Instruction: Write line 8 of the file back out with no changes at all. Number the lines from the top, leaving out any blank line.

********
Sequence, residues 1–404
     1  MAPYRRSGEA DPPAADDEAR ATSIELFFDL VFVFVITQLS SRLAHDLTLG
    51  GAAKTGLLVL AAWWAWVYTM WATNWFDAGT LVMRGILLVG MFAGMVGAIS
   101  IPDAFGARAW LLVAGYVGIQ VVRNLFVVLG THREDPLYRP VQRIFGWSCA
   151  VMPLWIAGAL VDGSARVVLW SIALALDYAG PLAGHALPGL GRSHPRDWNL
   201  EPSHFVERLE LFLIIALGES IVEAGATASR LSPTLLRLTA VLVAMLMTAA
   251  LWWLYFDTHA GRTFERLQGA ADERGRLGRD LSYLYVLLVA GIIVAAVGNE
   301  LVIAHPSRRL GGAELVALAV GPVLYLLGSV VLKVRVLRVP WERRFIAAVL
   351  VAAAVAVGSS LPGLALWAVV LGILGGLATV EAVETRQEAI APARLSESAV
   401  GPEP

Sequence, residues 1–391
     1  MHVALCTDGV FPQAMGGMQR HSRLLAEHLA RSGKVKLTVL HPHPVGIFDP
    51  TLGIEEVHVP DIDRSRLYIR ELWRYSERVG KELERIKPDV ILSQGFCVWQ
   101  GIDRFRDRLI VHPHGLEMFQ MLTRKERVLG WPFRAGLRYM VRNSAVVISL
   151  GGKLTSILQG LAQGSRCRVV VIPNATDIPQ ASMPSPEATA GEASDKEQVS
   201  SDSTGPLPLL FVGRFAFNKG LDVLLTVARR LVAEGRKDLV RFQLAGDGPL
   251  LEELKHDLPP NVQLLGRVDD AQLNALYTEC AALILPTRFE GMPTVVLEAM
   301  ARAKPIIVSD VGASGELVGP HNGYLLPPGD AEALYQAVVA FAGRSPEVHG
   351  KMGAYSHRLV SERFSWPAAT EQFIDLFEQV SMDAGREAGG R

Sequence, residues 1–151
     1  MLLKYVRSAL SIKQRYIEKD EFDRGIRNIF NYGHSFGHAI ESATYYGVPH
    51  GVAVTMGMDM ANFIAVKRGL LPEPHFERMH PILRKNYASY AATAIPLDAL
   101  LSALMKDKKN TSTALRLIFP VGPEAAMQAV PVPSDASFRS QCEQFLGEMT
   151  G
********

   301  LVIAHPSRRL GGAELVALAV GPVLYLLGSV VLKVRVLRVP WERRFIAAVL